• Can be paid to only one member of a couple.

• When youngest qualifying child is aged six or over, must enter into a Employment Pathway Plan allowing participation in a broad range of activities.



Note: customers who were granted Parenting Payment before 1 July 2006 will (subject to continuing eligibility) remain on this payment until their youngest child turns 16 and will have participation requirements when their youngest child turns seven.

Residence requirements

• Must be in Australia as an Australian resident for a period of, or periods totalling, 104 weeks, or arrived in Australia as a refugee, or became a single parent while an Australian resident (for Parenting Payment Single only), or has a qualifying residence exemption.

• Can be paid for up to 13 weeks for a temporary absence from Australia. The length of your last return to Australia may affect your entitlement during the absence from Australia.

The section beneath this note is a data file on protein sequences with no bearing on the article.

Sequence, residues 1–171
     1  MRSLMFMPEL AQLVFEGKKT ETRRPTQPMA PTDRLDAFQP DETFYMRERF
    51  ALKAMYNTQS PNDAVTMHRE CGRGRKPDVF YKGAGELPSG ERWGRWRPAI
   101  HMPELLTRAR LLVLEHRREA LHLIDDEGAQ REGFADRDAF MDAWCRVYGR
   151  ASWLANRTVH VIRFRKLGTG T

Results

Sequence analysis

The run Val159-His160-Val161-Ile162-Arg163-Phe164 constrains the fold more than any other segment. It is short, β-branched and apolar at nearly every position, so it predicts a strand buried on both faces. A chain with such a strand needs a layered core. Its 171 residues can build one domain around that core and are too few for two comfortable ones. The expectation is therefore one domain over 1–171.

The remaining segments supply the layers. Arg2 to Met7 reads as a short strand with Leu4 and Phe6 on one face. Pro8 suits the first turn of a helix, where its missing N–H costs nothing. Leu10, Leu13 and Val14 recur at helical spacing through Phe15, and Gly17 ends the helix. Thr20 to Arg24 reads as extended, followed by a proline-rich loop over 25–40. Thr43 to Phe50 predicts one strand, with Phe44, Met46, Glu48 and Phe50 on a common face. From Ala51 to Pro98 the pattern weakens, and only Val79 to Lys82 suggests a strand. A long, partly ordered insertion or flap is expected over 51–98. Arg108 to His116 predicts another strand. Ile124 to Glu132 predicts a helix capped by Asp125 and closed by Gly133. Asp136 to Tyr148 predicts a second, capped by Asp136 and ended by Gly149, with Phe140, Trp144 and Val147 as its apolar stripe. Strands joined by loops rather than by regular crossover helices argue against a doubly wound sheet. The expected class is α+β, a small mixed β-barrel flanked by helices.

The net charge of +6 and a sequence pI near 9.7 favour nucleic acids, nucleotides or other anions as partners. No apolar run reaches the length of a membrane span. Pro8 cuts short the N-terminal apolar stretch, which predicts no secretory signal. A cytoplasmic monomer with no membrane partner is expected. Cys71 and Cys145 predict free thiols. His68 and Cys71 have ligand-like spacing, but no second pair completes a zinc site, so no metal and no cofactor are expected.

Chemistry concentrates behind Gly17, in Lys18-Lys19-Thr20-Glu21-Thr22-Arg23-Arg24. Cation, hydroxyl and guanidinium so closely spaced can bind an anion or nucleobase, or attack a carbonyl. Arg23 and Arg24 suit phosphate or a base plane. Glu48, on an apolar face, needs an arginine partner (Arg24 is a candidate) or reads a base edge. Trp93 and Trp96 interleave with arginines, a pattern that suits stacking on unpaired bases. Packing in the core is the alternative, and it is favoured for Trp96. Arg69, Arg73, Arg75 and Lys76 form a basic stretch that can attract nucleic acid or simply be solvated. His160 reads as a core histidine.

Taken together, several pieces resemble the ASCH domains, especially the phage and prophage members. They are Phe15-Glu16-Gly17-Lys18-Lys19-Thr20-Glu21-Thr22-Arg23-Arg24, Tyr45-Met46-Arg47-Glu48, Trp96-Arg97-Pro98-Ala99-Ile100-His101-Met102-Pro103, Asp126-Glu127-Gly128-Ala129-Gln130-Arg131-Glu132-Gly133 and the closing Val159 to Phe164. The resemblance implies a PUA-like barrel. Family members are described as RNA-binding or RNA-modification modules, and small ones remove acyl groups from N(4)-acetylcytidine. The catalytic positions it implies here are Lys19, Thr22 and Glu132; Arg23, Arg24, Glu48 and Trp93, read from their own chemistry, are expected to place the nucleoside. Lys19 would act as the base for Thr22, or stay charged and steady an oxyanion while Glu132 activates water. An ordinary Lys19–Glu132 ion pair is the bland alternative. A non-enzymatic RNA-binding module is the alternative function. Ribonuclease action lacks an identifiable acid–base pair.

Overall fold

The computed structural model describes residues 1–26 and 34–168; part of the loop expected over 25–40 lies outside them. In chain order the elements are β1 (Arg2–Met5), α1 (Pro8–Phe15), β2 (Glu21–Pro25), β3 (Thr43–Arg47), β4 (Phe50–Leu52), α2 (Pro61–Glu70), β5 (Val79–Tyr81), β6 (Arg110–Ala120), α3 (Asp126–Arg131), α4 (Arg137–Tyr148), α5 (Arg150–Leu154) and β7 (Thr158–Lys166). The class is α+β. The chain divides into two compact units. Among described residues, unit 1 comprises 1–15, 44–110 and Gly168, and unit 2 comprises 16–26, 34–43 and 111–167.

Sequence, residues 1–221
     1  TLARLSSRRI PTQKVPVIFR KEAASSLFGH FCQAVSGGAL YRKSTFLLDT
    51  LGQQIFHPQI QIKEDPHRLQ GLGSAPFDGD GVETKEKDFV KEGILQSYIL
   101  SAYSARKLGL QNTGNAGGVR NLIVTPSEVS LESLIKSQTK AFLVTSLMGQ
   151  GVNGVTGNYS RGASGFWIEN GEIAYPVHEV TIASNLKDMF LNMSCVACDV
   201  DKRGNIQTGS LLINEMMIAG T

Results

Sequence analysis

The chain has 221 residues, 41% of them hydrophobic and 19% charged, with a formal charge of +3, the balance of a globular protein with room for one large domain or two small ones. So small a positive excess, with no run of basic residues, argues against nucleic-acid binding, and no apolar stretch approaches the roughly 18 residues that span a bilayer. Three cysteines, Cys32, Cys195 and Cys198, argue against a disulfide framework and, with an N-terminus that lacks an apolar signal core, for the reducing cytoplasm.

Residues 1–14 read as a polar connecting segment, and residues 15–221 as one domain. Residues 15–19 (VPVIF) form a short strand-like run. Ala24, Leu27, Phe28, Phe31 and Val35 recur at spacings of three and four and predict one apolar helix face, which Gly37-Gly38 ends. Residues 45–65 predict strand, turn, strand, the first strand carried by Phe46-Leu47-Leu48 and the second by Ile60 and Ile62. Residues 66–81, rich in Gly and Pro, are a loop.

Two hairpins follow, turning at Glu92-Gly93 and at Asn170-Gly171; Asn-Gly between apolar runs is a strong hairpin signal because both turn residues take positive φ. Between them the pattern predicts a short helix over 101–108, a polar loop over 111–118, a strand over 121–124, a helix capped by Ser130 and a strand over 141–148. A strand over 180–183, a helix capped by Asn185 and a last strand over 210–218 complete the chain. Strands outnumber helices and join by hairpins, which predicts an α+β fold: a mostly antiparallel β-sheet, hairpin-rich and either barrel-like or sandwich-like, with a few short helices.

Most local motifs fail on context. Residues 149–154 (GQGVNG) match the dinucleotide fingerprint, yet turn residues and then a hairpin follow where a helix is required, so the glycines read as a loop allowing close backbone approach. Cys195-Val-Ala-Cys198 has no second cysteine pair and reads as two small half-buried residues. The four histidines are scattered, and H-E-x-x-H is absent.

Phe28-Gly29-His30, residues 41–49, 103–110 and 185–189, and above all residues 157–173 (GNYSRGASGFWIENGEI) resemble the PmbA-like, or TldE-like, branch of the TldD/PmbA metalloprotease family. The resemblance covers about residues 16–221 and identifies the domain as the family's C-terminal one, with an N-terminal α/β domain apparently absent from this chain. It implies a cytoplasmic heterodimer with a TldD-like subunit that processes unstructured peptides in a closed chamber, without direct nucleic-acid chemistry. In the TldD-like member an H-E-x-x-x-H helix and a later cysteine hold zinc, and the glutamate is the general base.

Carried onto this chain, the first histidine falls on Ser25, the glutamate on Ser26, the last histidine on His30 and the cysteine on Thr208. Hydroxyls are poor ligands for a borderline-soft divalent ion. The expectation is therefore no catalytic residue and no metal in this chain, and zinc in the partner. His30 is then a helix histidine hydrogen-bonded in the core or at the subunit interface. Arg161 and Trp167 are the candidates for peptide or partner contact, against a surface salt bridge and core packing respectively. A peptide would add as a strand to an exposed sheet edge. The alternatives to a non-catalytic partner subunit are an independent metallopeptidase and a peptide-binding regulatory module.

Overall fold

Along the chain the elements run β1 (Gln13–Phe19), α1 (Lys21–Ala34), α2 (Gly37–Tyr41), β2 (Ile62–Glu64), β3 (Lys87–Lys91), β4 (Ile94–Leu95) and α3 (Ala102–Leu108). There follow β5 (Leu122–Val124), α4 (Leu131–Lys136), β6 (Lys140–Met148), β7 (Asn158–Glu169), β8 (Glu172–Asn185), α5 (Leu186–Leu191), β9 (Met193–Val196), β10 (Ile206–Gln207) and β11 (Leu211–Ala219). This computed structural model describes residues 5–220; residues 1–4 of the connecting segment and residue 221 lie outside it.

• Different rules apply if a person is covered by an International Social Security Agreement.



Basic rates

• Single parents: up to $569.80* per fortnight.

*Since July 2000, has included a pension supplement. It is currently $19.50.

• Partnered parents: up to $409.00 per fortnight (up to $490.40 per fortnight if separated by illness or respite care couple, or partner in prison).

• Pharmaceutical Allowance is paid to Parenting Payment (Single) customers; it may be paid to Parenting Payment (Partnered) customers—see Chart H (page 23).

• Education Entry Payment of $208 may be payable. Until 30 June 2010, a temporary supplement of $950 will be paid to eligible customers when Education Entry Payment is made.

• Pensioner Education Supplement may be paid to Parenting Payment (Single) customers.

• Mobilility Allowance may be paid to Parenting Payment customers.

• Training Supplement of $41.60 per fortnight may be payable for the duration of an approved course of study or training commencing prior to 30 June 2011.

• Job seekers undertaking Work for the Dole (including Full-Time Work for the Dole and Drought Force), Green Corps activities and the Language, Literacy and Numeracy Program may be eligible for an additional supplement of $20.80 per fortnight.



Rent Assistance

• Normally paid with Family Tax Benefit Part A.



Income test

Single parents

• See Chart C (page 19).